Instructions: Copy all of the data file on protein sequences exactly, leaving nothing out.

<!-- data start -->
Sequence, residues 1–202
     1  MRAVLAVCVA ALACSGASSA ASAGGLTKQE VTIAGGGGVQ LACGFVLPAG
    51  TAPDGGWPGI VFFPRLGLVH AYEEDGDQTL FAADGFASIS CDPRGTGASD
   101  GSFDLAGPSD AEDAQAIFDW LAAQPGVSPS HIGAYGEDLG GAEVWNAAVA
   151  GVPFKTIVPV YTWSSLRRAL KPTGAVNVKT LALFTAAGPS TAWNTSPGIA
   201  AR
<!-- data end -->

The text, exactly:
Sequence, residues 1–202
     1  MRAVLAVCVA ALACSGASSA ASAGGLTKQE VTIAGGGGVQ LACGFVLPAG
    51  TAPDGGWPGI VFFPRLGLVH AYEEDGDQTL FAADGFASIS CDPRGTGASD
   101  GSFDLAGPSD AEDAQAIFDW LAAQPGVSPS HIGAYGEDLG GAEVWNAAVA
   151  GVPFKTIVPV YTWSSLRRAL KPTGAVNVKT LALFTAAGPS TAWNTSPGIA
   201  AR